TACOMA, Wash. — Don Ramsdell was a steadying figure in the Tacoma Police Department.
When the 60-year-old retires Thursday after 17 years at the helm of the department, it’ll be as the longest-serving police chief in in Tacoma’s history, twice as long as former chief Ray Fjetland, who served from 1987 to 1995.
Unlike his long-serving counterpart, Pierce County Sheriff Paul Pastor, who retired earlier this year, Ramsdell is a man of few words. Where Pastor talks in extended paragraphs, Ramsdell might settle for a sentence or two.
He joined the Police Department in 1985 as a patrol officer and worked his way up the ranks. He spent time on the SWAT team, dismantled methamphetamine labs, worked gang cases and oversaw Internal Affairs. In those early years, fellow officers tagged him with a high-octane nickname: “Rammer.” It stayed with him for the rest of his career, used with affection by those who knew him best.
By 2001, he’d been promoted to lieutenant. His reputation was squeaky-clean, and his department test scores gleamed. New Tacoma Police Chief David Brame swiftly promoted Ramsdell to captain, then assistant chief. The moves didn’t reflect any particular closeness between the two men; rather, adding Ramsdell to the inner circle of command offset internal perceptions that Brame was handing promotions to his best friends.
Ramsdell knew little of the turmoil in Brame’s private life. He’d only been assistant chief for nine months before Brame fatally shot his wife, then himself, in a Gig Harbor parking lot in 2003.
The department, along with the city government, was in disarray after the shootings, facing investigations by state and federal agencies. Tacoma officials asked Ramsdell to become interim chief and he agreed, asking only one question: how quickly could they find a replacement?
“I’ll be honest, I wasn’t ready for the job,” he said.
Ramsdell was concerned about his lack of executive leadership experience. After all, he’d gone from sergeant to interim chief in seven years.
He turned out to be a steadying force: soft-spoken, even shy in public settings. One retired commander often suggested Ramsdell would have been an ideal priest — but he had ideas, lots of ideas, so the position became permanent.
His first moves as chief were to train officers in community policing, overturn a long-standing ban on off-duty officers working security for businesses and implement a policy requiring employees to report any domestic violence incidents of which they became aware.
Ramsdell wanted to rebuild trust, both within the department and with the community.
“It was a tough time in a lot of ways,” Ramsdell said. “There was uncertainty of the future, how to get there. We needed to make a change in our organization. We needed direction, we needed a vision for the future and we needed to know how we get there.”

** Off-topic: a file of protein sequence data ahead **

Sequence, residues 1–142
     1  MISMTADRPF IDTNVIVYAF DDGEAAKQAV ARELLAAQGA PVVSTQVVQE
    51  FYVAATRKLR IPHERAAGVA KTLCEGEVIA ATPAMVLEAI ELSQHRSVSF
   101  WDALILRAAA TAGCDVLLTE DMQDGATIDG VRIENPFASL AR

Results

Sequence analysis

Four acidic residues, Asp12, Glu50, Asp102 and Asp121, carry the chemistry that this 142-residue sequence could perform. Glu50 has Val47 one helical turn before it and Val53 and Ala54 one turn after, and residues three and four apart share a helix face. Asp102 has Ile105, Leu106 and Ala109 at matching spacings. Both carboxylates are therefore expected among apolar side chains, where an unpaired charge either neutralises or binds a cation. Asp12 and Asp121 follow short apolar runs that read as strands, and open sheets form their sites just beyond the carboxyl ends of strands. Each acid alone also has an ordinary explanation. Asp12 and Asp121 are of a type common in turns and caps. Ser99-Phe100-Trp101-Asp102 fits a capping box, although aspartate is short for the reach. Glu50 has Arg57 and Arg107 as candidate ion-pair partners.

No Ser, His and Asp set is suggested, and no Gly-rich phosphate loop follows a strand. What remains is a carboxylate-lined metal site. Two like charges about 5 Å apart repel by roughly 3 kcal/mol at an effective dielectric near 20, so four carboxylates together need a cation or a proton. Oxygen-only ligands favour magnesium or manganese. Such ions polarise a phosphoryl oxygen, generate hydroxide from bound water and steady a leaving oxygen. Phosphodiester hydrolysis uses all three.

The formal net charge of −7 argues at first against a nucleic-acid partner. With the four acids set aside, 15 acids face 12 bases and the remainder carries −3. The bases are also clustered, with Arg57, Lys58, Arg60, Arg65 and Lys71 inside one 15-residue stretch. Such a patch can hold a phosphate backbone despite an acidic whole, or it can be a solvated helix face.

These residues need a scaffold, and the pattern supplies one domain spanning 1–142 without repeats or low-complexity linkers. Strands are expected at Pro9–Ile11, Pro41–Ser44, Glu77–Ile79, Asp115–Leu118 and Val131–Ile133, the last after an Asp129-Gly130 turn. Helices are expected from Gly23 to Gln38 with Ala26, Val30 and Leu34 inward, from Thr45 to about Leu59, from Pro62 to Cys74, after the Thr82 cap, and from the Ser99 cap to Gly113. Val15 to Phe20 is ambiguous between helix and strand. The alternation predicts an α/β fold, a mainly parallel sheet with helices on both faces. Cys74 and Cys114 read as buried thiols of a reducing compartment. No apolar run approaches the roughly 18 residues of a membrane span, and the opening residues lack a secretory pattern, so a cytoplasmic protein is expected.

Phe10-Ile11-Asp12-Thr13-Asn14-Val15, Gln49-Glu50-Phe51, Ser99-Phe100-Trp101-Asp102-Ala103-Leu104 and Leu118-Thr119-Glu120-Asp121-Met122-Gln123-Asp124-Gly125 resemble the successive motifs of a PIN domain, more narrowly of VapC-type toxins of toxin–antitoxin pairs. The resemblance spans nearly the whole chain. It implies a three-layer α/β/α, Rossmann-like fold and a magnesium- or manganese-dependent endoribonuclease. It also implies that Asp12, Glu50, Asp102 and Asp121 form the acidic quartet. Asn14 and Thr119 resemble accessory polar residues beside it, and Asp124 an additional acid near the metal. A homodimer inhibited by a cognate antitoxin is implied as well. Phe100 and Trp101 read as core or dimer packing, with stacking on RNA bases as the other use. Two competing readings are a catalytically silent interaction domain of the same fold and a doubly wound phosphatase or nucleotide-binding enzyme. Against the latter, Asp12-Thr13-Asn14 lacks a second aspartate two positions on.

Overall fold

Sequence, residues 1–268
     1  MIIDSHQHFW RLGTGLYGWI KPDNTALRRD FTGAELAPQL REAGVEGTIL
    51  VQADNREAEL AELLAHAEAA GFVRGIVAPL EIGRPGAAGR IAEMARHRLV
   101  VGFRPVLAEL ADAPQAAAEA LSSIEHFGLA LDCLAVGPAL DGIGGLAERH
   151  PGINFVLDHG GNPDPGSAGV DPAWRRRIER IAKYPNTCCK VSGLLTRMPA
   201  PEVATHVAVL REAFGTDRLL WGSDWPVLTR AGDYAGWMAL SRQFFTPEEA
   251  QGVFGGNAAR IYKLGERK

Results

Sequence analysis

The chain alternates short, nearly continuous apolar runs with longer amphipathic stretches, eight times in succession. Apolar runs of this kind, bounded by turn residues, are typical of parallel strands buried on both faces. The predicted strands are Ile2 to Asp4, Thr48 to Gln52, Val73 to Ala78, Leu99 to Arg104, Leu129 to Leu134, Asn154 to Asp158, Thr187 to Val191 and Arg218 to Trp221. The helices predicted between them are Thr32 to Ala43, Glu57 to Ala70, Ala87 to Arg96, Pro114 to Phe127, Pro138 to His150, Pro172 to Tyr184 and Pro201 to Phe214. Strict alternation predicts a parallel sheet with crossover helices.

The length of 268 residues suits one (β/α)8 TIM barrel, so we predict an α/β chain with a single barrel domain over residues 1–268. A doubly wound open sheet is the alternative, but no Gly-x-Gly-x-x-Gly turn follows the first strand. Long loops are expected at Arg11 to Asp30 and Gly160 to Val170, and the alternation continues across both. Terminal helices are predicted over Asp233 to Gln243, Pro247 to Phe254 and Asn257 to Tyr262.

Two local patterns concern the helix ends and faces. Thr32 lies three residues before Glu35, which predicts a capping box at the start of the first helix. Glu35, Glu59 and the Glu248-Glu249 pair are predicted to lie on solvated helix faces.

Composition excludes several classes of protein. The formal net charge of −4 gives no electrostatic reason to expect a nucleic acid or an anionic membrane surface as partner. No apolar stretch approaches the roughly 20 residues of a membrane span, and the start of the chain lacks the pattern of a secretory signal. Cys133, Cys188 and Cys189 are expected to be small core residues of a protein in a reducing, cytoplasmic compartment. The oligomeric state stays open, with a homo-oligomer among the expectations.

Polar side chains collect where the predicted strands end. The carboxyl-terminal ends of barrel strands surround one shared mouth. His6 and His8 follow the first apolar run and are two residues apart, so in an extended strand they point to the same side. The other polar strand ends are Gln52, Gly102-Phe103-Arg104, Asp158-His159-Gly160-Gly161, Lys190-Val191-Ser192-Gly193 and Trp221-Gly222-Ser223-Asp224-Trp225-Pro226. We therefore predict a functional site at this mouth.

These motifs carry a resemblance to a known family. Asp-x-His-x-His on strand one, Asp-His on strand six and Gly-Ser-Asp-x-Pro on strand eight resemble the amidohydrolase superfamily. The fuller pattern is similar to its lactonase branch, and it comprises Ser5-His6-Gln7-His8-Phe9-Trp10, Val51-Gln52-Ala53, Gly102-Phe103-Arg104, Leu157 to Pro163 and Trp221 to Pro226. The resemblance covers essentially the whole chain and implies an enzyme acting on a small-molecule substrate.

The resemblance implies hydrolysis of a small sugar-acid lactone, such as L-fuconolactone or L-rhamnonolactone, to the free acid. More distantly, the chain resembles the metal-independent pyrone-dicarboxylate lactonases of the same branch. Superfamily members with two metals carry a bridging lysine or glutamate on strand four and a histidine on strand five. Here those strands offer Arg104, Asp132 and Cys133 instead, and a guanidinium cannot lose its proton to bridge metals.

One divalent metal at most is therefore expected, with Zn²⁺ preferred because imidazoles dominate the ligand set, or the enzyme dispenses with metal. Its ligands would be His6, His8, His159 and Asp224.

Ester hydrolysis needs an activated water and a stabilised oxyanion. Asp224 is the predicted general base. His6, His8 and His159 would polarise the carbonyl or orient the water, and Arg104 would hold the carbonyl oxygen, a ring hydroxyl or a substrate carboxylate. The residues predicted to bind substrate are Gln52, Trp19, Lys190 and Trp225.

Ramsdell brought a lot of change to the department over nearly two decades, adding a gang unit, cold case unit and Child Abduction Response Team.
The gang unit formed in 2006 to attack the city’s persistent problem. Even when it encountered staffing and money problems, the chief recognized the important of such a team and found ways for it to continue.
Within the first year, the gang unit arrested more than 995 people, confiscated 65 guns and was honored with a regional award for its efforts.
The cold case unit came in 2011 with a single detective assigned to look into several of the 173 unsolved homicides dating back 50 years.
More than a dozen cases were solved and the department won grants that helped pay for DNA work.
That’s something Ramsdell said was one of the biggest accomplishments of his tenure.
“We’ve solved a lot of cold cases over the years and one of the highlights of my career was when we were able to solve the Bastian and Welch cases,” he said. “Being able to tell their families that we captured these guys from these horrific crimes, it was meaningful.”
Another accomplishment he’s proud of was developing the department’s first strategic business plan.
It rolled out in 2007 with six priorities and 36 goals. It focused on drawing police and neighborhoods together for community-oriented policing, using data to manage crime and increasing teamwork.
Looking back, Ramsdell said it may have been too broad in scope but he dreamed big and worked hard.
“That just showed us all the things we needed to do to move forward, the things we needed to address to make ourselves better,” he said.
The chief updated policies and procedures that were out-of-date, including some on use of force and vehicle pursuits, and started the process of getting the Police Department accredited by the Commission on Accreditation for Law Enforcement Agencies, an honor granted to roughly 1,000 law enforcement agencies nationwide.
It was a long, hard process — the department had to meet 471 standards.
But in November 2010, Tacoma became one of only eight agencies in Washington state to acquire the accreditation.
“That was the impetus to move us forward to the change that we needed to become a well-led, well-managed organization,” Ramsdell said, adding that the department’s forensic team and Child Abduction Response Team also have national accreditation.
The department was re-accredited in 2013, 2016 and 2020. This year’s re-accreditation process is one of the reasons he pushed back his retirement.